Teach financial responsibility by setting up a school currency
Bankers are widely blamed for the economic mess we are still trying to extricate ourselves from, and so are not the most popular people. Consequently, it may seem odd that we are asking students to take on that role at my school, risking the ire of their friends and family.
But at a time when many parents are struggling financially, teaching young children about money matters has never been more important. Now more than ever they need the skills and knowledge to make informed choices. And what better way of teaching these skills than to set up a commercial bank in our school, with our own currency called the Yeado?
Children receive Yeados for good behaviour and attendance and can earn bonuses for handing in homework early. Every month the children have a chance to spend their hard-earned Yeados in the shop on items such as stationery and footballs.
There is a strong emphasis on saving and avoiding the "easy credit" trap that previous generations have fallen into. When students don't have enough to afford something they want, they learn to pool their resources or save up for the future. Saving with the Bank of Yeading means they can earn 3 per cent interest every half-term.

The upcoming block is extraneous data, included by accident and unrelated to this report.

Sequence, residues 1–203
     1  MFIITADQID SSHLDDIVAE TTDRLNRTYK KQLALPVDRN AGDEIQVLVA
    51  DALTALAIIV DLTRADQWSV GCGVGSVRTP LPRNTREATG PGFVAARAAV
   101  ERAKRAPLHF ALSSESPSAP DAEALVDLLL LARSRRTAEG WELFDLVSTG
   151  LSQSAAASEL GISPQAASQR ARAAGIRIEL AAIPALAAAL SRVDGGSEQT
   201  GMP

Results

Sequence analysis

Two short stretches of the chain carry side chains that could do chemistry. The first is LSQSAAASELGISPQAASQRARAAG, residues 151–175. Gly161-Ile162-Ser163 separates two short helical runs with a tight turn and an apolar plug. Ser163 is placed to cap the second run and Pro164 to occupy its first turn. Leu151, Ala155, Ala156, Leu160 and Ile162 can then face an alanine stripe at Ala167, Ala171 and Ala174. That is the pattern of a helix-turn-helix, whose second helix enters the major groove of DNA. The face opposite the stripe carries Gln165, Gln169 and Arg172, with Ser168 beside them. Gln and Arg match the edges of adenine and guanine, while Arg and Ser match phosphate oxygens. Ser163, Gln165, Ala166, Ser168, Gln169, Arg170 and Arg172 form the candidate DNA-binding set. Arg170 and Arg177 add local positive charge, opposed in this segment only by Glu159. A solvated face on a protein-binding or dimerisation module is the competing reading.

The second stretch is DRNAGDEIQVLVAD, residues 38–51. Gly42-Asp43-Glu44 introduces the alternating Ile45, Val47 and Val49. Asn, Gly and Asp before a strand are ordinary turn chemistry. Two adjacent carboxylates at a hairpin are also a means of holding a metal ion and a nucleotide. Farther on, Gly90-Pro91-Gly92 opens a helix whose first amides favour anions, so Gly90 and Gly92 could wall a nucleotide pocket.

The interest rate is set by a board of directors made up of elected students from Years 3-6 (seven- to 11-year-olds) and each class has its own banker, who records transactions on an Excel spreadsheet. They work under the supervision of the chief executive (the class teacher).
With our banking system, we are teaching the children about money, budgets and how to differentiate between financial wants and needs from an early age. The students have shown real enthusiasm and maturity in their approach to money management, which they can then apply in real life.
We complement this approach with other financial lessons. For example, we held an assembly in which children acted out transaction scenarios in French and Spanish, such as buying train tickets. We have also had them discussing bank etiquette in Latin and using money in maths.
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